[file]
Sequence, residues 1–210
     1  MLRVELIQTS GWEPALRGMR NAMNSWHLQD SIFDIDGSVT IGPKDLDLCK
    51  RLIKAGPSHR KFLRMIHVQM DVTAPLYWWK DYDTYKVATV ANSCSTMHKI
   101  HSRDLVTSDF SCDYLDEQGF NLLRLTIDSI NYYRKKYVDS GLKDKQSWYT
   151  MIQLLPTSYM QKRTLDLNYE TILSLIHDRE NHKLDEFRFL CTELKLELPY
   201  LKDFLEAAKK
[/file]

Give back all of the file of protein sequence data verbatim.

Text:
Sequence, residues 1–210
     1  MLRVELIQTS GWEPALRGMR NAMNSWHLQD SIFDIDGSVT IGPKDLDLCK
    51  RLIKAGPSHR KFLRMIHVQM DVTAPLYWWK DYDTYKVATV ANSCSTMHKI
   101  HSRDLVTSDF SCDYLDEQGF NLLRLTIDSI NYYRKKYVDS GLKDKQSWYT
   151  MIQLLPTSYM QKRTLDLNYE TILSLIHDRE NHKLDEFRFL CTELKLELPY
   201  LKDFLEAAKK